More Than $1M in Damages Upheld for Violation of Agreements

Takeaway: Employers should not hesitate to enforce employment agreements if they have a substantial, verifiable claim against a former employee. 

​A former employee was ordered to pay $1.7 million in damages and attorney fees to his former employer. The 1st U.S. Circuit Court of Appeals found that the appellant ex-employee had breached his employment contract with his former employer. The lawsuit involved allegations that the ex-employee, in doing business with customers of his former employer on behalf of his new employer, violated certain noncompetition and nonsolicitation obligations.

The appellant was employed by NuVasive Inc. as a medical products sales representative. On Jan. 1, 2019, Rival Medical LLC became the exclusive distributor for NuVasive’s products in Massachusetts and Rhode Island. Under the sales agreement, the appellant left NuVasive and became an independent distributor for the sale and promotion of NuVasive products as Rival’s president.

On March 30, 2019, the appellant emailed NuVasive that Rival was being dissolved. The next day, he told NuVasive that he would no longer perform services for the company. He then began his employment at Alphatec Spine Inc., which NuVasive said was a competitor in the spinal products market.

NuVasive sued the appellant in U.S. District Court for the District of Massachusetts, alleging several claims, including breach of contract, arising out of the appellant doing business with customers of his prior employer on behalf of his new employer in violation of noncompetition and nonsolicitation obligations in the appellant’s employment contract with NuVasive. The district court ordered the appellant to pay his former employer more than $1.7 million in damages and attorney fees for his contractual breaches and spoliation, or destruction, of evidence.

The appellant appealed the decision to the 1st Circuit. The appellate court limited its review to  the damages and fees awarded and affirmed the district court’s rulings.

Under Delaware law, which applies in this action, a plaintiff seeking to recover damages for breach of contract must prove with reasonable certainty that the damages claimed were caused by the defendant’s breach, the 1st Circuit stated.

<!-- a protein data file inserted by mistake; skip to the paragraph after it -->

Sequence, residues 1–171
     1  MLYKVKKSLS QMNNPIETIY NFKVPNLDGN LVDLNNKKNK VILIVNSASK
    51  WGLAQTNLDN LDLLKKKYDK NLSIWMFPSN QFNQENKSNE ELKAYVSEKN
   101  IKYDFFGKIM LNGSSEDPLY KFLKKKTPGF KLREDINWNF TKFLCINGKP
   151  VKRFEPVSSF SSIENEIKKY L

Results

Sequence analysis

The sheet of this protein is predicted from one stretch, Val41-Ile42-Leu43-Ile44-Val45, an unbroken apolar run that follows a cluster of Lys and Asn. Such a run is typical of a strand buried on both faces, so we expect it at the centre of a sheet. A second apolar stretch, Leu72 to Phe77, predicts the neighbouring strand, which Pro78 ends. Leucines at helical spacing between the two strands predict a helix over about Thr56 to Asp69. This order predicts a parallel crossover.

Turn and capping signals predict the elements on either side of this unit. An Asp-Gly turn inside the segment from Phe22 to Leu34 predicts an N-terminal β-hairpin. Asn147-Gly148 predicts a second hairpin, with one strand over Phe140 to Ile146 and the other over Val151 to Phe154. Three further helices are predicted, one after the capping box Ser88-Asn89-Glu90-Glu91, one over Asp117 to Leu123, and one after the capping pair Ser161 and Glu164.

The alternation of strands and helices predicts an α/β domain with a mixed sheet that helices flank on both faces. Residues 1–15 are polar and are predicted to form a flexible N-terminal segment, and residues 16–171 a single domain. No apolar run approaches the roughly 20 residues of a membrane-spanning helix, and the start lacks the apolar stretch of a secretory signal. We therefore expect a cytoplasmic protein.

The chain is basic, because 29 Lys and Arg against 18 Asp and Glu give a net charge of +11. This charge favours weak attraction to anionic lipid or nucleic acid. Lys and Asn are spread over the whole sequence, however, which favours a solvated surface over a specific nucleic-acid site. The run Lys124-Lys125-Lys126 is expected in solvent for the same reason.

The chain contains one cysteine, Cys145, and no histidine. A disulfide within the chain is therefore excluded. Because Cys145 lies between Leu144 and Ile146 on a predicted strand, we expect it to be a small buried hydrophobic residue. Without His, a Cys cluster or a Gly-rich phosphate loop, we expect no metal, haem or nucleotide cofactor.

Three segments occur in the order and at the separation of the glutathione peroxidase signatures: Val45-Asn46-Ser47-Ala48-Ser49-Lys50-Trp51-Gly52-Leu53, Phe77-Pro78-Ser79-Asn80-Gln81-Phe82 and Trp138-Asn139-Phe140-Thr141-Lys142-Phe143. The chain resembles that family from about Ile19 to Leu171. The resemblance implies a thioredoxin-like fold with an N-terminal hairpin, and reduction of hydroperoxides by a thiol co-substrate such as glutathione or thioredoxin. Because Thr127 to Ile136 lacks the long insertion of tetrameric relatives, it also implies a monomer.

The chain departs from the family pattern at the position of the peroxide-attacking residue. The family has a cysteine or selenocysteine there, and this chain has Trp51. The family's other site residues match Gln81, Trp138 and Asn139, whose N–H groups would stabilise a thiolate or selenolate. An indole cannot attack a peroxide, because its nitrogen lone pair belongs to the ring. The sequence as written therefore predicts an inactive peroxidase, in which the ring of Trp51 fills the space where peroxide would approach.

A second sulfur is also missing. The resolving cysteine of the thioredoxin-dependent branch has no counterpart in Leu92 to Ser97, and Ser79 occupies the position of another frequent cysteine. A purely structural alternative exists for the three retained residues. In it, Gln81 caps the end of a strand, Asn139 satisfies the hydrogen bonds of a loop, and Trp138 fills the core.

The appellant asserted that the district court erred in finding the “requisite causal nexus between his improper solicitations and the decisions of three surgeons” to switch from NuVasive to Alphatec as their primary supplier of spine-related surgical products, according to the court. The appellant argued that NuVasive failed to establish the required connection between specific improper conduct on his part and specific damages to the company.

The appellate court disagreed, however, stating that in so claiming, the appellant “disregards the substantial circumstantial evidence in the record.”

“In short, the district court identified a pattern of improper activity seemingly aimed at switching the affiliation of multiple surgeons from NuVasive to Alphatec … and reached the reasonable conclusion that the campaign worked,” the court said. “Moreover … NuVasive’s damages claim was boosted by an adverse inference imposed on the appellant because he had spoliated evidence.”

The appellate court also found no clear error in the amount of or methodology for determining damages awarded.

NuVasive successfully sought sanctions against the former employee based on spoliation of evidence—the appellant’s failure to preserve certain text messages relevant to his interactions with NuVasive customers after he left the company. The district court awarded NuVasive $127,214.50 in attorney fees and $2,103.85 in costs related to the spoliation, including compensation for the company’s efforts to recover the lost messages.

The appellate court said there was no error in the calculation of fees by the district court and no abuse of discretion in the amounts awarded, and affirmed the damages awarded and sanctions-based award of attorney fees.

NuVasive Inc. v. Day, No. 21-1797, 1st Cir., No. 22-1339 (Aug. 9, 2023).

D.M. Fera is a freelance writer in the Washington, D.C., area.

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